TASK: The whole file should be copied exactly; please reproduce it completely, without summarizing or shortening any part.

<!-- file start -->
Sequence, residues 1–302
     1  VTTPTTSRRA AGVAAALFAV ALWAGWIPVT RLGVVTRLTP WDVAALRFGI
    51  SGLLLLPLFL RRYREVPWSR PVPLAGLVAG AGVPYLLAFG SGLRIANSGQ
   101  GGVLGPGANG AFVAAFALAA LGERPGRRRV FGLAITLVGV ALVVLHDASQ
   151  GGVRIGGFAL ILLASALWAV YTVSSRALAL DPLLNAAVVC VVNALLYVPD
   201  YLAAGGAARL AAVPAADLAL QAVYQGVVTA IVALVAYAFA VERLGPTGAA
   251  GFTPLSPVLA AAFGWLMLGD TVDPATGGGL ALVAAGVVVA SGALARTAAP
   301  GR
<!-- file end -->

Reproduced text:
Sequence, residues 1–302
     1  VTTPTTSRRA AGVAAALFAV ALWAGWIPVT RLGVVTRLTP WDVAALRFGI
    51  SGLLLLPLFL RRYREVPWSR PVPLAGLVAG AGVPYLLAFG SGLRIANSGQ
   101  GGVLGPGANG AFVAAFALAA LGERPGRRRV FGLAITLVGV ALVVLHDASQ
   151  GGVRIGGFAL ILLASALWAV YTVSSRALAL DPLLNAAVVC VVNALLYVPD
   201  YLAAGGAARL AAVPAADLAL QAVYQGVVTA IVALVAYAFA VERLGPTGAA
   251  GFTPLSPVLA AAFGWLMLGD TVDPATGGGL ALVAAGVVVA SGALARTAAP
   301  GR